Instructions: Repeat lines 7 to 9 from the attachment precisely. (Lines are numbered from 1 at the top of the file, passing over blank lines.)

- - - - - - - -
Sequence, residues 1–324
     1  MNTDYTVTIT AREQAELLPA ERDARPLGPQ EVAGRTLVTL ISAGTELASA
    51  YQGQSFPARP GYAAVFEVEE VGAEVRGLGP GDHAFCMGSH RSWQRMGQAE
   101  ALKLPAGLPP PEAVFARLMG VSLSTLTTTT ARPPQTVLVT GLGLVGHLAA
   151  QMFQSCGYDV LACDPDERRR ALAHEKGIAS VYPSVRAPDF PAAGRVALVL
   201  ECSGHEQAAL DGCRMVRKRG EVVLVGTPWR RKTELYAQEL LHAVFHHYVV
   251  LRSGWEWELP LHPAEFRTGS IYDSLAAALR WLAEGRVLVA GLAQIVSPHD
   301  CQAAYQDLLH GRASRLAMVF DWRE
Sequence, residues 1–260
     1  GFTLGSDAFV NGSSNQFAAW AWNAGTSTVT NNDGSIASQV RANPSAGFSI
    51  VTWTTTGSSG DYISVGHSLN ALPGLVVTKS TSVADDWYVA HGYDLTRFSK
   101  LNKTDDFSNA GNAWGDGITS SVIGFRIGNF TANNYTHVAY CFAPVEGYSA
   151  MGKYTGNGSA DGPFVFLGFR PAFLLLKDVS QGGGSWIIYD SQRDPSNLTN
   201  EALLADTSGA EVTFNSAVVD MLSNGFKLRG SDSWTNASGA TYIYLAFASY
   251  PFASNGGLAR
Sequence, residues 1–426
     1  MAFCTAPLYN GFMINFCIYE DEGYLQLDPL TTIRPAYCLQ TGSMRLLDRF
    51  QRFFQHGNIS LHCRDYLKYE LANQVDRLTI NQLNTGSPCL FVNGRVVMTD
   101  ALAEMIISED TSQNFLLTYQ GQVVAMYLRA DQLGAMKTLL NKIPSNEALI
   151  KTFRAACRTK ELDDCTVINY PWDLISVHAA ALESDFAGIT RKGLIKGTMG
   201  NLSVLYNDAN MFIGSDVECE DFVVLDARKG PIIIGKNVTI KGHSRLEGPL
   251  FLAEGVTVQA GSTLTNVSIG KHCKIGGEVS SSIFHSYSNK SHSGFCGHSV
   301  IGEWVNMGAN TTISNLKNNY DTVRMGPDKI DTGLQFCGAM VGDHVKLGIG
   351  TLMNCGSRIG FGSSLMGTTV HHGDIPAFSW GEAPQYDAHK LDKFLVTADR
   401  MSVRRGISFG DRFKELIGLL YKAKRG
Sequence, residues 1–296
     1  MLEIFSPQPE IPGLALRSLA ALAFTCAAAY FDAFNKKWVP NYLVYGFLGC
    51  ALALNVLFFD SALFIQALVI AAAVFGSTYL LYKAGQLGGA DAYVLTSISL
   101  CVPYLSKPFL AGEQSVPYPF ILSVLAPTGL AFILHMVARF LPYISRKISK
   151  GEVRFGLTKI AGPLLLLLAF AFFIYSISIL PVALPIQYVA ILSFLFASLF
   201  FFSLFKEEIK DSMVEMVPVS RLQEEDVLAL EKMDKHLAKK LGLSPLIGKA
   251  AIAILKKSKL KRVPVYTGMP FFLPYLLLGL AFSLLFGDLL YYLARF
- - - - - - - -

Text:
   251  LRSGWEWELP LHPAEFRTGS IYDSLAAALR WLAEGRVLVA GLAQIVSPHD
   301  CQAAYQDLLH GRASRLAMVF DWRE
Sequence, residues 1–260